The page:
Nettles are an amazing food that deserve a place in every conscious kitchen. If we respect mother nature, she unveils a carpet of super foods without the need for us to rush off and fill our shopping baskets, or spend a small fortune on supplements in supermarkets or health food stores. Nettles are jam packed with high vibrational goodness and have been well documented throughout the aeons for a myriad of health benefits. They are said to help urinary tract infections, act as a diuretic, help break down kidney stones, destroy internal parasites, to relieve gas/colitis/coeliac disease, alleviate asthma, hay fever, hives, dermatitis, arthritis and even help prevent hair loss.

There seems to be an endless list of benefits, making this a must-have addition to our diet. As if all that isn’t enough, nettles are also high in chlorophyll, iron, potassium, silica, sulphur and vitamins C, A & B, offering a rich infusion of nutrients. The fact that they provide a dose of serotonin and acetylcholine (neurotransmitters that help us find a sense of calm and fulfillment) really does it for me. When I eat them, my body just says ‘yes!’.

The best time to pick nettles is before they start developing seeds. The seed produces an irritant that can be bothersome. Spring is normally the best time to gather nettles, although if you cut them right back after the first seeding, you will get new growth later in the season too. The youngest, freshest leaves, without the stalks, are optimal. I recommend gathering stinging nettles with rubber gloves. Drying or soaking in water, sauce or oil will remove the sting, which makes them edible both raw and cooked.

Minted nettle and pea soup - vegan with coconut

So, nettle soup! You can toss nettles in to lots of different dishes, although if you want a super infusion of this nutritious gem then you’ll enjoy my thick, green, Minted Nettle & Pea Soup. It is absolutely delicious and filling.

Minted nettle and pea soup - vegan with coconut

Minted Nettle and Pea Soup with coconut cream (vegan and healthy)

Yield: 3 bowls
Prep Time: 5 minutes
Cook Time: 15 minutes
Total Time: 20 minutes

An easy, delicious soup using fresh, wild nettles, garden mint, coconut and potatoes.


  • 200g potato (1 medium sized)
  • 400ml spring or filtered water (1 ⅔ cups)
  • 150ml coconut cream (⅔ cup)
  • 1 teaspoon celtic sea salt
  • 500g organic frozen peas (4 cups)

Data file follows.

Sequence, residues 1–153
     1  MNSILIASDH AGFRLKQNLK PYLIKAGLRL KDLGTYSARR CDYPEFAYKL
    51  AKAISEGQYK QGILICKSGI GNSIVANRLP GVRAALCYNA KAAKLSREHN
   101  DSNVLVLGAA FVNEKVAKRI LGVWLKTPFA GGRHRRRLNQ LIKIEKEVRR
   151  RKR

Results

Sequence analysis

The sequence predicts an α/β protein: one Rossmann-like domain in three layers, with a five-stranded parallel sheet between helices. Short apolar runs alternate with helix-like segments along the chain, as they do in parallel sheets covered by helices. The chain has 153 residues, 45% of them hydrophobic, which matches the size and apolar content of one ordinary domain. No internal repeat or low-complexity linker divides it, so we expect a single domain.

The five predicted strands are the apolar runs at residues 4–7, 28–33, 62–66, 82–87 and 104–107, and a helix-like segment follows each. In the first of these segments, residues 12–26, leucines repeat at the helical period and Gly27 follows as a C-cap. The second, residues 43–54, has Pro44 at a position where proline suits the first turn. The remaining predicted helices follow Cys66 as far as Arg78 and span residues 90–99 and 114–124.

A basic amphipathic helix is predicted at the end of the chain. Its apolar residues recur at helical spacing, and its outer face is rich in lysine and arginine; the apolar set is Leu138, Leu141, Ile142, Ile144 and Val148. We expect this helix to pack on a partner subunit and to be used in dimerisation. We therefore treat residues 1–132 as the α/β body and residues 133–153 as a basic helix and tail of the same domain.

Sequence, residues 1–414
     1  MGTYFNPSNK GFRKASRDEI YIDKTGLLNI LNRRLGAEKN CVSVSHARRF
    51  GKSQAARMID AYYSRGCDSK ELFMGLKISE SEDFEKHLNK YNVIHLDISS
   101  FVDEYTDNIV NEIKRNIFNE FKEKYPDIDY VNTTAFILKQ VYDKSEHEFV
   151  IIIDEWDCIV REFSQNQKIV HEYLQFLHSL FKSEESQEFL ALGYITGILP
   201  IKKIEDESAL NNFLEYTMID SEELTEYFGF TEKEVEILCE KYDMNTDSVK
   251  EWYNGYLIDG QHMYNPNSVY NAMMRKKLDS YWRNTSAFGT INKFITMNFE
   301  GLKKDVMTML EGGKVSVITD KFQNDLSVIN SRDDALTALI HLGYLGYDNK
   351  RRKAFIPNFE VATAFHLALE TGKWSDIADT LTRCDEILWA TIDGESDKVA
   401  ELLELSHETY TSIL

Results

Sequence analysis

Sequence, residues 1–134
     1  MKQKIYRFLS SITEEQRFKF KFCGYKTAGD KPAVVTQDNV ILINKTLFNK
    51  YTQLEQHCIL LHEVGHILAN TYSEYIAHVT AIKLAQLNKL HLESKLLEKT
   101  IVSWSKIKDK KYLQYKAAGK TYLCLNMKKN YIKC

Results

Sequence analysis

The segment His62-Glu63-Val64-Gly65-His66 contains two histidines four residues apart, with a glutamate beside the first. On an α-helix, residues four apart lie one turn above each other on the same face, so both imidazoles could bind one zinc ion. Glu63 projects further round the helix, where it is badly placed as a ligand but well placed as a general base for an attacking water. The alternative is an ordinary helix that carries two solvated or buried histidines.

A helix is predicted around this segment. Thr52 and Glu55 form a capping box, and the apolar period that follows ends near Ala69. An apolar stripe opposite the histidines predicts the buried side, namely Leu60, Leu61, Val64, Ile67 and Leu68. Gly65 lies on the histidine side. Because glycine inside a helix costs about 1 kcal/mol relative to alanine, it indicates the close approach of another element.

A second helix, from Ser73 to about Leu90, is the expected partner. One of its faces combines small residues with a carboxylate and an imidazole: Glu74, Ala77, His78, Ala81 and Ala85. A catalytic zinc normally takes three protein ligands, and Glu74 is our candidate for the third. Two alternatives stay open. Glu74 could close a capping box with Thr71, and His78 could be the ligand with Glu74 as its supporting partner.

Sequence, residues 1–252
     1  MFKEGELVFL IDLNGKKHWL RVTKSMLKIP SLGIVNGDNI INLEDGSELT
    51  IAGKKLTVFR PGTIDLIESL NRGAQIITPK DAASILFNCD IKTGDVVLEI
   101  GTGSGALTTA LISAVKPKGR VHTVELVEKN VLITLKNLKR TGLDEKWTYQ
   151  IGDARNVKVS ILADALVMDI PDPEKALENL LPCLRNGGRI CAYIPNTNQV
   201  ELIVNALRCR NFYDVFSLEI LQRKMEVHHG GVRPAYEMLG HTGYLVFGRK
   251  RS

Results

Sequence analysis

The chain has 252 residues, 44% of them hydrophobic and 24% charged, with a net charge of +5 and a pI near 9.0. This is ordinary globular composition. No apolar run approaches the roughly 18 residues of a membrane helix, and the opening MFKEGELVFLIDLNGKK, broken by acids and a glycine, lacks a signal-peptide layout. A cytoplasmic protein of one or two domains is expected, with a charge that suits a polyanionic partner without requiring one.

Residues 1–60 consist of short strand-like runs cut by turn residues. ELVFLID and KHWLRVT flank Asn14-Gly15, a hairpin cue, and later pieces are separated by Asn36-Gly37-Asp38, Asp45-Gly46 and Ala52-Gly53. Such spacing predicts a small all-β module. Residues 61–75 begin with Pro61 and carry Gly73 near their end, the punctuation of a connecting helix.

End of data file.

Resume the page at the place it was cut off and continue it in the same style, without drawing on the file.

• 20g fresh garden mint (a loose handful)
  • 100g fresh nettles (a big bunch)


  1. Scrub and chop the potatoes into small pieces (no larger than half inch cubes for fast cooking); and then put into a medium sized pan.
  2. Add 400ml of spring or filtered water, turn on the heat and and bring the pan to the boil.
  3. Add 150ml organic coconut cream.
  4. Add 1 teaspoon of celtic sea salt.
  5. Whist you are waiting for the potatoes to cook, prepare the nettles with rubber gloves. De-stalk and roughly chop them.
  6. De-stalk the mint.
  7. After about 10 minutes the potatoes should be soft and easily pierced with a fork.
  8. At this stage add the frozen peas and bring the pan back to the boil.
  9. As soon as the water starts bubbling again, mix in the fresh mint and nettles. After a couple of minutes everything should be mixed and the leaves will condense right down.
  10. Blend the soup until creamy smooth (or roughly blend into a rustic soup if you prefer).
  11. Enjoy.

Did you make this recipe?

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More super healthy nettle recipes in my book!

My original cookbook ‘Trinity’s Conscious Kitchen’ also has a few other really delicious nettle recipes such as:

  • Hempy Nettled Potatoes’,
  • ‘Nettle & Mushroom Stir-fry’
  • ‘Trin’s Soul Food Special’
    (nettles in a sweet potato, coconut & shiitake mushroom soup) 
  • ‘Sun-dried Tomato & Nettle Pate’

Brimming with goodness!

You can find out more about my book here:

Trinity’s Conscious Kitchen eBook


Related articles that you might find of interest:
Essential Guide to Foraging in a Temperate Zone (with 12 wild plants anyone can find)
All about Dandelions and their Health Benefits